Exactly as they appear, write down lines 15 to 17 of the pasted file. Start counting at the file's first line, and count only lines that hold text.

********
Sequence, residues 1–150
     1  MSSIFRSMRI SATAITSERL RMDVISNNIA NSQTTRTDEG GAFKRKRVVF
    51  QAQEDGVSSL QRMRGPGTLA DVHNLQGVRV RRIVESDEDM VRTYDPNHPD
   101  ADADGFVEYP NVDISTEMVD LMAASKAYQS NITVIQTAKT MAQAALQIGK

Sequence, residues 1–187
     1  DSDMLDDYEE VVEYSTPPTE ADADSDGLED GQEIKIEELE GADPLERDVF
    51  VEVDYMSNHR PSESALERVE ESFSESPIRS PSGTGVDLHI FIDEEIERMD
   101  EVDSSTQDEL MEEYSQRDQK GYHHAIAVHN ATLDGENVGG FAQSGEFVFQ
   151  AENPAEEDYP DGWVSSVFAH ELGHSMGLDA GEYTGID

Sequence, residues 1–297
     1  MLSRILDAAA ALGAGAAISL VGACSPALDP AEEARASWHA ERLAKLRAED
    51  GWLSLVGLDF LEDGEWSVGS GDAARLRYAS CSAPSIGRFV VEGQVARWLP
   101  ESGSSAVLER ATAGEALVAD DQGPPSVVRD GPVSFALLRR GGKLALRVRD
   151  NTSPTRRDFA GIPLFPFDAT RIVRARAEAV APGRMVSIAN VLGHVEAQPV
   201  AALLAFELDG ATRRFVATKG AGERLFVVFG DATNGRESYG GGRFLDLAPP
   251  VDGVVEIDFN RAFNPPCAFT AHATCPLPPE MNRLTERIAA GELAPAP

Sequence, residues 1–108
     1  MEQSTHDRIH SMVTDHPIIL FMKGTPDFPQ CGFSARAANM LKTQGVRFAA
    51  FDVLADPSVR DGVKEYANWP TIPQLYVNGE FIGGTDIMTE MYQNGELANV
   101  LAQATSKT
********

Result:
   201  AALLAFELDG ATRRFVATKG AGERLFVVFG DATNGRESYG GGRFLDLAPP
   251  VDGVVEIDFN RAFNPPCAFT AHATCPLPPE MNRLTERIAA GELAPAP

Sequence, residues 1–108